Some of my buddies swear by protein shakes for getting strong, but surely these just cause you to bulk up?
—Paul Blumer, West Bloomfield, MI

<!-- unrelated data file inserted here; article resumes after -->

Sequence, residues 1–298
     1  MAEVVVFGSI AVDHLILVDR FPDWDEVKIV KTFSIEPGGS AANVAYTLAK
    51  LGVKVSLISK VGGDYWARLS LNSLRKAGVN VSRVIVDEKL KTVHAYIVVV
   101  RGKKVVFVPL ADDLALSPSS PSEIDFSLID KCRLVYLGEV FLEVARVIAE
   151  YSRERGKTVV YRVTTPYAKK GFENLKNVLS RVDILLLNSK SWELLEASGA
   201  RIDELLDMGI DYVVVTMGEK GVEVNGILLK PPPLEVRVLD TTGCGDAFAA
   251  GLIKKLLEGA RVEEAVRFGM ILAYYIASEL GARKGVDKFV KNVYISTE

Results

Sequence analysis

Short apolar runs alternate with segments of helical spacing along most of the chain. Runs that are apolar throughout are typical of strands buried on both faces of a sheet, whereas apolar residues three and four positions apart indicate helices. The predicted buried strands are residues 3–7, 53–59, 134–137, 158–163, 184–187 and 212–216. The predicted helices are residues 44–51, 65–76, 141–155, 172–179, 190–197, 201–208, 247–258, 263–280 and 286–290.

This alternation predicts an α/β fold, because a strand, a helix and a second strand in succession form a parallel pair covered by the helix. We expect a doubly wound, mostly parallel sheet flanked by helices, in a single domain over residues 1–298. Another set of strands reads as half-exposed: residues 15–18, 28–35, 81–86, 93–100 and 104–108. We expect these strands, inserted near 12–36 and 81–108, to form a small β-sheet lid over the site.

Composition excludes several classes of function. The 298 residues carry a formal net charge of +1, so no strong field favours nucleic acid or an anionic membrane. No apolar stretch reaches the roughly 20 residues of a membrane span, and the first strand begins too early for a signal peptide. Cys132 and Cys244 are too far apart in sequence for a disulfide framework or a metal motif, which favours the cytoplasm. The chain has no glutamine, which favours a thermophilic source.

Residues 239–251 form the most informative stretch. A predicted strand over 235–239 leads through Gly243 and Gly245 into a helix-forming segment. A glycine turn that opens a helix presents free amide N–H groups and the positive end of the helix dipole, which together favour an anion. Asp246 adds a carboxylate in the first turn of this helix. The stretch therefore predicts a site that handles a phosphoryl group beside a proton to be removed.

When it comes to gaining muscle bulk, the type of training you do will always have far more influence than what you eat. Hitting the weights hard three or four times a week, rather than whether or not you drink a protein shake, is what will cause you to look like an aspirant Schwarzenegger. The sports that cause vast quantities of muscle tissue to break down all over the body, such as bodybuilding or powerlifting, require significant increases in dietary protein. Other sports, like climbing, only require power from a smaller and more limited range of muscles and therefore require a proportionately smaller component of dietary protein. If you ingest too much protein after climbing it will simply end up in the toilet and drain your bank balance. After a typical endurance-based session on routes, your body really needs carbohydrates, not protein, for glycogen replenishment. After endurance sessions, go for one of the recovery formulas that blends protein with carbohydrates on a 1:3 or a 1:4 ratio. It is only after higher-intensity sessions such as hard bouldering, campusing or fingerboarding that you might consider a pure protein supplement—but you don’t need anything like the quantities consumed by a bodybuilder. The main concern with protein shakes is that they may cause you to take on excess calories and put on fat. Go for the ones that are low in added sugar, and if you make them with milk, use skim milk, and dilute it with water. For climbing, amino-acid capsules probably make more sense. To summarize, don’t bother with protein supplements after routes, but a little extra protein is a good idea after strength/power sessions, or more generally during strength-building phases.